Rain washed out New York's Saturday game in Toronto, while homers by Cox, Yastrzemski and Fred Lynn propelled Boston to a 6-1 triumph in Detroit. Rookie Mike Paxton picked up his 10th win and Campbell his 29th save. Meanwhile, late-inning heroics gave Baltimore a 4-1 win in Cleveland. With the score tied 1-1 in the eighth, the Indians loaded the bases with none out. Palmer got the next two batters on a pop-up and strikeout, and Al Bumbry climbed the fence in deepest center to rob Rico Carty of a grand slam. In the ninth the Orioles got back-to-back homers from Singleton and Murray, who hit .464 during the week. Palmer, who has yielded only four runs in his last 44 innings, got his 19th win. At week's end, both pursuers were still alive, the Orioles two games back and the Red Sox 2½.
Detroit (3-3) virtually sewed up fourth place as Ron LeFlore and Jason Thompson excelled. LeFlore batted .385 and became the first Tiger to get 200 hits since Al Kaline in 1955. Thompson bopped two homers and became the first Detroit player to hit 30 since Norm Cash in 1971.
Sixto Lezcano's 19th home run for Milwaukee (1-3) set a record. It was the 3,430th of the season, one more than the previous major league high amassed in 1970. Jim Slaton's 10th win came at the expense of the Mariners, whom he defeated 5-1.
Roy Howell, who had hit just three homers in 71 games after being picked up from Texas, slammed five in Toronto's 13 most recent games. The last helped finish off Cleveland 7-4. Although he was tagged for nine hits, rookie Jerry Garvin held off the Orioles 3-1 to give the Blue Jays one of their two wins in six tries. With Baltimore runners on first and third and nobody out in the ninth inning, Garvin got two Birds to pop up and fanned another.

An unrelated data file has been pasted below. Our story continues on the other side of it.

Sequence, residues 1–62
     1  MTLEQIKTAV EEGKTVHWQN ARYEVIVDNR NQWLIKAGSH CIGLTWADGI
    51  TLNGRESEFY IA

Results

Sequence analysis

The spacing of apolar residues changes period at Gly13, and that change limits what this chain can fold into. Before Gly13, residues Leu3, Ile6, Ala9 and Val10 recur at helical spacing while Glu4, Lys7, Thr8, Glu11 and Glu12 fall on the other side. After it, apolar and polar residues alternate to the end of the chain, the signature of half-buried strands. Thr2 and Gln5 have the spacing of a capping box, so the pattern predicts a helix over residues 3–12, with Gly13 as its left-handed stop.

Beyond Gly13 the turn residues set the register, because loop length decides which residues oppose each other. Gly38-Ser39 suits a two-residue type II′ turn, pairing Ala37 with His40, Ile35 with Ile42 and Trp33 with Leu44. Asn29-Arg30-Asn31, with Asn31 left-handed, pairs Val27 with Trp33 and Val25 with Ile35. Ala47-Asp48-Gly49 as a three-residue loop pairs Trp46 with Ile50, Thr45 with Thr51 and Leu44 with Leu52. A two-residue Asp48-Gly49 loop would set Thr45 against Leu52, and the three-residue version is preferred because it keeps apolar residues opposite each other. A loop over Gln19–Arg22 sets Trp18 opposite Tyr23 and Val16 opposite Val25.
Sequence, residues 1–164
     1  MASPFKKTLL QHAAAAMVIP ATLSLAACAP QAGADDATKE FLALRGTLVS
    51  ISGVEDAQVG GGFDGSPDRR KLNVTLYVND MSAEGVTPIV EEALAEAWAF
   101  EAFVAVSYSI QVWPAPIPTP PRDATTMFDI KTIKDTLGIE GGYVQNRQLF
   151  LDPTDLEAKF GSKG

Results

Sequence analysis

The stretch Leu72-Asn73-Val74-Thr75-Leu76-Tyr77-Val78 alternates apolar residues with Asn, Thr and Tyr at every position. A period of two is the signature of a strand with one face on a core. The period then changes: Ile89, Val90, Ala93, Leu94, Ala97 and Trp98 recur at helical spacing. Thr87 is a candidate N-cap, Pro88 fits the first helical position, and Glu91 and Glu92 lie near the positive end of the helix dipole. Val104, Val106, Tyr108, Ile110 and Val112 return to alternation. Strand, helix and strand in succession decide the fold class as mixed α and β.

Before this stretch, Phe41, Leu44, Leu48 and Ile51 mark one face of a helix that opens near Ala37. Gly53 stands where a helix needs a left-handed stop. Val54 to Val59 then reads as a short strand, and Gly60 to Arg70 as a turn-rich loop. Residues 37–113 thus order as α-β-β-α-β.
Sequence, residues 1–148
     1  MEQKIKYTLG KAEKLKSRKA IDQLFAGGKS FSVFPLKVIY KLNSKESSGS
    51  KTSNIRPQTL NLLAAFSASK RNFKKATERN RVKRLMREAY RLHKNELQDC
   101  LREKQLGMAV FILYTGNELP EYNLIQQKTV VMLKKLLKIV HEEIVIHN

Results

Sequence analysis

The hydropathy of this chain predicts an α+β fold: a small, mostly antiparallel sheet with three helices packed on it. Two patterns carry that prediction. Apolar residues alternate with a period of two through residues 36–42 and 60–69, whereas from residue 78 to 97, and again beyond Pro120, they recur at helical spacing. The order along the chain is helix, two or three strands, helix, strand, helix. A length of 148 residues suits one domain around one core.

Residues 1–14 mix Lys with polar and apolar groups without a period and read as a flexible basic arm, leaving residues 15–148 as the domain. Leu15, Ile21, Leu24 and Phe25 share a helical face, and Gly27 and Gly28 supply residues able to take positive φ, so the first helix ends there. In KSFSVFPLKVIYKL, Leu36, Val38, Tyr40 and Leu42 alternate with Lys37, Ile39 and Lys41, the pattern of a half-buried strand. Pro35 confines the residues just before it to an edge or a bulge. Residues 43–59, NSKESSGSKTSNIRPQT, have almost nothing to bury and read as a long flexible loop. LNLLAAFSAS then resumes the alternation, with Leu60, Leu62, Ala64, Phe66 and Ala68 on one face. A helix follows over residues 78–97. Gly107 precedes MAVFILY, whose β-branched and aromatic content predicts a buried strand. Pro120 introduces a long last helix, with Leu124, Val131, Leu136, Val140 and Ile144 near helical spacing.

Also snuffing out an Oriole rally in the ninth was Jim Bibby of the Indians (1-4). Bibby came in from the bullpen to get the final three outs on strikes and save a 3-2 victory for Rick Waits.
NY 94-59 BALT 93-62 BOS 92-62 DET 72-83 CLEV 68-86 MIL 64-91 TOR 52-101
"I doubt if there has ever been a stretch drive like this one of ours," said Manager Whitey Herzog of his Royals. Kansas City (5-0), which clinched its second consecutive western title, had won 22 of 23 games and 33 of 37. While improving his record to 19-11, Dennis Leonard beat Seattle 8-3 and California 7-3. Leonard's 13 strikeouts against the Angels gave him 226 for the season, the second highest total in the league. A potent offense also kept the Royals going as they hammered seven homers and batted .311 as a team. Al Cowens drove in five runs in one game to increase his RBIs to 106. Both John Mayberry and George Brett connected for two homers, but the most talked-about smash was one by Outfielder Clint Hurdle in his first major league game. Hurdle, 20, clouted a ball 425 feet off a sign above the dancing waters in center-field at Royals Stadium.
Texas (6-1) pulled two games in front of Chicago in the battle for second place. Gay-lord Perry (14-12) was a two-time winner, 5-4 over Minnesota and 6-5 over Oakland. After Adrian Devine locked up the first of those wins with his 13th save, Perry tossed a three-hitter against the A's. Five homers and another save by Devine settled a 10-8 slugfest against the Twins. Receiving neither home-run support nor relief was Doyle Alexander (17-10), who nonetheless stopped Oakland 3-1 with a three-hitter. Mike Hargrove ignited the offense with five two-hit games.
Ten home runs and tight pitching kept Chicago (6-2) going. Steve Stone (15-11) beat Oakland 8-2, and Ken Kravec (10-3) blanked the A's 8-0 and defeated the Mariners 8-3. Utilityman Jack Brohamer, who entered the win over Seattle with a .225 batting average, had his best day of the season as he had four RBIs and hit for the cycle.